02 Jul 2018 CAUSE & EFFECT: Idea Factories
I work alongside a team member who likes to ask “there are no bad ideas, right?” before she launches into an idea generating session at the office. I find myself tempted to reply with, ‘actually there are tons of bad ideas, but go ahead, I’m still interested.”
I appropriately resist saying it because I don’t want to do anything that shuts down the flow of idea origination. The goal in this setting is to encourage others to share their thoughts and insights with the strategic bet of landing on an idea that is a keeper. Of course, every brainstorm presented is not going to be a winner and what my teammate wants is permission to feel safe in exploring all kinds of interesting possibilities.
The concept of brainstorming in general has come under fire in some of the most recent research on this long held practice of creative teams. Those studying the topic have found if a group is going to use brainstorming for idea development the best results come from facilitated sessions rather than a free for all and some of the best results occur when individuals handle idea generation solo and then come together to share as a team rather than the group think model. This is somewhat disappointing because I have always loved a brainstorming session- good, bad or ugly.
At the Southwest Florida Community Foundation, we consider ourselves somewhat of an Idea Factory. I don’t mean to suggest we come up with all the ideas, but rather bring the ingredients together that allow community change making to be fostered, cultivated, supported, connected and in some cases funded. We take this role seriously and spend time considering under which conditions the best ideas for impact and change can be formulated and executed.
One of the places we seek out ideas most intentionally is in our grant making process. The Foundation distributes about $5 million a year in our community and that means a lot of brainchildren of nonprofit teams and the residents they serve are being supported by our donors and trustees.
We just recently opened our 2019 Community Impact Grant Cycle which distributes just over $500,000 to local nonprofits to create change and impact in our region. These granted dollars are generated by donors establishing funds that support ideas in the areas they are most passion about and want to invest in while they are alive and after they are gone.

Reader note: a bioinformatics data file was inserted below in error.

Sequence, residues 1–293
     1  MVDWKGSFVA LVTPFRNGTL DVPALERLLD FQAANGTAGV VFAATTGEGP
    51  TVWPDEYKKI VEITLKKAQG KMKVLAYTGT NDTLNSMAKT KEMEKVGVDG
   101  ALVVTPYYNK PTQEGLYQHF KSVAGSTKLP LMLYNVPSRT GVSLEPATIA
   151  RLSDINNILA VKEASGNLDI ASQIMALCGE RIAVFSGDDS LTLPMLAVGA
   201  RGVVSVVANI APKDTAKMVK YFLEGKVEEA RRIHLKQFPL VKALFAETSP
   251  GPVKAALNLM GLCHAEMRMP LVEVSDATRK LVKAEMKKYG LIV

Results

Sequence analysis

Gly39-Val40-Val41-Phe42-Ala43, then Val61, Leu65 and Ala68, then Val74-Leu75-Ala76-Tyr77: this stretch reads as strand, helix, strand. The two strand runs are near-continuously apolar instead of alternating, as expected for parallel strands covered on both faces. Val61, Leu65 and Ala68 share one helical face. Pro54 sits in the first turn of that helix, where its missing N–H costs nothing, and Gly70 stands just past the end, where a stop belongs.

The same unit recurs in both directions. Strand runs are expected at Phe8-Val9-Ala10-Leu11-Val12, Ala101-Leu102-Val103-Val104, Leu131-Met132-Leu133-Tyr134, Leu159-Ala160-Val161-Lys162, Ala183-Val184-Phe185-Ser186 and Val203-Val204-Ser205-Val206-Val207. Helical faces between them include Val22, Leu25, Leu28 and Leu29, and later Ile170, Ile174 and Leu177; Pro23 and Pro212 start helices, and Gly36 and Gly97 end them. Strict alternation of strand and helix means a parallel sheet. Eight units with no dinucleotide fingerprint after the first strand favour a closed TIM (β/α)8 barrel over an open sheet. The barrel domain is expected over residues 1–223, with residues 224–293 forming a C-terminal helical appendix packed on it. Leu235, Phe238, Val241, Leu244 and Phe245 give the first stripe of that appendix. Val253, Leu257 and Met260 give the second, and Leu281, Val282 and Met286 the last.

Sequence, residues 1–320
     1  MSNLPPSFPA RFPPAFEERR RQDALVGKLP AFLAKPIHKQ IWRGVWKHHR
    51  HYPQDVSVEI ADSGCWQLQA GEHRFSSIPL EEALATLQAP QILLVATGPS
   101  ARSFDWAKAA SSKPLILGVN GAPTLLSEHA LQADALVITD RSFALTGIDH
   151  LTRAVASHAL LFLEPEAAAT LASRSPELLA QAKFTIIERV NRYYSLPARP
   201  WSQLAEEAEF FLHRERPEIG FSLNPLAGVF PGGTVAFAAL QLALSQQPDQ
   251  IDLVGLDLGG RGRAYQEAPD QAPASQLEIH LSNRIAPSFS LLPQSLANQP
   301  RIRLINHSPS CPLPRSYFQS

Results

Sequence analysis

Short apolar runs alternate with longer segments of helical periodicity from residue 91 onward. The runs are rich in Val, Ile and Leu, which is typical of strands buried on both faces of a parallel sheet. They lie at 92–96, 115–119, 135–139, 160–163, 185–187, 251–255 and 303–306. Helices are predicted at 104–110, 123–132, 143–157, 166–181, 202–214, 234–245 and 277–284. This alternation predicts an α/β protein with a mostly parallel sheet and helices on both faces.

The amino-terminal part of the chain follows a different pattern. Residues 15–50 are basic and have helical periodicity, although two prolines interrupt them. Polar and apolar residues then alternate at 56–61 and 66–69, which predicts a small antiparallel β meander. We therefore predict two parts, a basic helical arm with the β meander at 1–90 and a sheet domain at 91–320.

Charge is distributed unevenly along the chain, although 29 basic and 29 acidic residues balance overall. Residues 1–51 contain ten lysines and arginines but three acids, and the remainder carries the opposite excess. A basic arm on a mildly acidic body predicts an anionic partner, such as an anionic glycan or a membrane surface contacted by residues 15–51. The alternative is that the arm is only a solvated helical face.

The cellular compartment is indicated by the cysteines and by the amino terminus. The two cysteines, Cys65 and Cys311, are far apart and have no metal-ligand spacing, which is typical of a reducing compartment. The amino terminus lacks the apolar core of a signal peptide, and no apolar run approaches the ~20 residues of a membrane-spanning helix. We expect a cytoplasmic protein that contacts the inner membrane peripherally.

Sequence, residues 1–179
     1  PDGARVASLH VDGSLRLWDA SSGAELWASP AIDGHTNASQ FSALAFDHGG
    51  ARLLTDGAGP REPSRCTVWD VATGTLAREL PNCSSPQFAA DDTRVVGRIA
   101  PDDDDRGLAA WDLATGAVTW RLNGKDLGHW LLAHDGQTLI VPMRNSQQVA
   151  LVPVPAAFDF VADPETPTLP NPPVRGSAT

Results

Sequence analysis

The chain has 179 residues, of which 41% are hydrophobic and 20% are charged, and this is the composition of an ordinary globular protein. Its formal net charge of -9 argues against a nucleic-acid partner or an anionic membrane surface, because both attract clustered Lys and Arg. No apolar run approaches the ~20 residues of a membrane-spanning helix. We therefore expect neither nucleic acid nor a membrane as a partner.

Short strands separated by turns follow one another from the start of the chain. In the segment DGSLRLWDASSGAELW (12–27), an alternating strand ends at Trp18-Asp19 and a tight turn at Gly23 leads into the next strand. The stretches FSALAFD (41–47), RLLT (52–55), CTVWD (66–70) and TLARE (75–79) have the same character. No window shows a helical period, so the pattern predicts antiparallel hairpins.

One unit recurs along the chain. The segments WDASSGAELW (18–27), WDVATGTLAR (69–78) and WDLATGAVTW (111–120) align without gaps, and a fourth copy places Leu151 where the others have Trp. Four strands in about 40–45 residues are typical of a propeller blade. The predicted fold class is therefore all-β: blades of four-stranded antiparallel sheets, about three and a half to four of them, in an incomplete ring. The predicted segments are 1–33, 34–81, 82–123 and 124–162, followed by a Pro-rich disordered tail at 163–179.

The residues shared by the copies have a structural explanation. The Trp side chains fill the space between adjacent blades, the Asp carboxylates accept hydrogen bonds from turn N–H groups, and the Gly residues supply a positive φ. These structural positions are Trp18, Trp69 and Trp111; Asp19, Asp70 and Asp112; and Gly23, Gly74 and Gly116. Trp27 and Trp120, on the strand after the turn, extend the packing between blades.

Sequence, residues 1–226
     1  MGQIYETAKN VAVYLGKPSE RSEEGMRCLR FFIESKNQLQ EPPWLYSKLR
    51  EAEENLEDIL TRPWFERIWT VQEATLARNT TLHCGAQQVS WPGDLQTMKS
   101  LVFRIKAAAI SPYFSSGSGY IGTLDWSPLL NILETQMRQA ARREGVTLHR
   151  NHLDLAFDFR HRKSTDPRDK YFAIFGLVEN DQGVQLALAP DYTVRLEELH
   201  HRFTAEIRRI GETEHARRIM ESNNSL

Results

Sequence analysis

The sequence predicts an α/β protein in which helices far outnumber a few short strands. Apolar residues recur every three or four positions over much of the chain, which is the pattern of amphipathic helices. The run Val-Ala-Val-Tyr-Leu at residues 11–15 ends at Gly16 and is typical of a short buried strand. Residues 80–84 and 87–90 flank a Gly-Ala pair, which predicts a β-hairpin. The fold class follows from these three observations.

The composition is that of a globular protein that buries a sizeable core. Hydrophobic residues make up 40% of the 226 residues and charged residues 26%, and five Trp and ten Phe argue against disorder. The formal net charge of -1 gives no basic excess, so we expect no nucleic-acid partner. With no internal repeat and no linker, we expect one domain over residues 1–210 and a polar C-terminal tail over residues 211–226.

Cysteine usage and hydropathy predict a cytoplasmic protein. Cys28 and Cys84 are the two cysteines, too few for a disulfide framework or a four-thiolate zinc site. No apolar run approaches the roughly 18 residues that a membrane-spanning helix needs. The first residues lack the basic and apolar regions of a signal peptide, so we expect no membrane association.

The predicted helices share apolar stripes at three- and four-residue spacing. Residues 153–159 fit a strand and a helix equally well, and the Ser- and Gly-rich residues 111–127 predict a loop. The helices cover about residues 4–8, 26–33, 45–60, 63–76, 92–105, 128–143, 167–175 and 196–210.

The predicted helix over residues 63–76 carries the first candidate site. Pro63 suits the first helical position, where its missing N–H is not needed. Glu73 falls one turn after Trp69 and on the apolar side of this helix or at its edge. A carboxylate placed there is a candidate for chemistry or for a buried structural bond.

One of the Foundation’s most important roles is to gather ideas, select one that most closely honors the desire of the donor, meets a community challenge or opportunity and then measure the impact. If our grant cycle is not able to fund an idea, we keep it on hand to share with other donors throughout the year. We have nearly doubled our investment in the community by sharing these projects with individual and corporate donors. The Idea Factory is always up and running, not just during the formal process.
As we await the approaching deadline for submissions in this year’s grant cycle our team is filled with anticipation and hope.
People who work at an Idea Factory are significantly invested in learning from the experts in the field and from the voices of our diverse community. We are always inspired to read and discover more about the work that is happening in our region and the hundreds of letters of idea that pour in give us some of the fuel to keep our factory cranking.
But the ideas are just the start. Once a project is funded, the nonprofit has to get to work to create the reality. The only thing that matches our excitement for the idea is the beauty of the impact when that idea takes shape.
Our nonprofit partners, we like to call our “tribe,” not only do the heavy lifting of bringing the idea they designed to life, but they also work hard at telling the story of change they create.
Sure, there are bad ideas, but our 20+ 2018 tribe stories are not among them. Check out some of their ideas in action at www.floridacommunity.com/2018-tribe-stories. You can see Lee County Animal Service’s “No Bite” program helping with a recent outbreak of rabies, or 10 young women participating in the Florida Gulf Coast University’s STEM camp collecting mud samples to study hurricane activity, or LARCs idea to increase the dignity of their clients through the construction of an accessible bathroom. The ideas are endless and so are the stories. We are posting one a week so please click now and check back. Also, a list of our recent grants is listed on our website under “Nonprofit Partners.”
If you are a local nonprofit with a great idea be sure we hear about it, you can find details and guidelines on our website www.floridacommunity.com and if you are someone who loves an idea as much as I do and are interested in learning more, reach out to me at iamlistening. The Idea Factory is always open for business.
About the Southwest Florida Community Foundation
The Southwest Florida Community Foundation, founded in 1976, cultivates regional change for the common good through collective leadership, social innovation and philanthropy to address the evolving community needs in Lee, Collier, Charlotte, Hendry and Glades counties. The Foundation partners with individuals, families and corporations who have created more than 400 philanthropic funds. Thanks to them, the Foundation invested $5.4 million in grants and programs to the community. With assets of $115 million, it has provided more than $71 million in grants and scholarships to the communities it serves since inception. The Foundation is the backbone organization for the regional FutureMakers Coalition and Lee County’s Sustainability Plan. Currently, the Southwest Florida Community Foundation’s regional headquarters are located off College Parkway in South Fort Myers, with satellite offices located on Sanibel Island, in LaBelle (Hendry County) and downtown Fort Myers. For more information, call 239-274-5900 or visit www.floridacommunity.com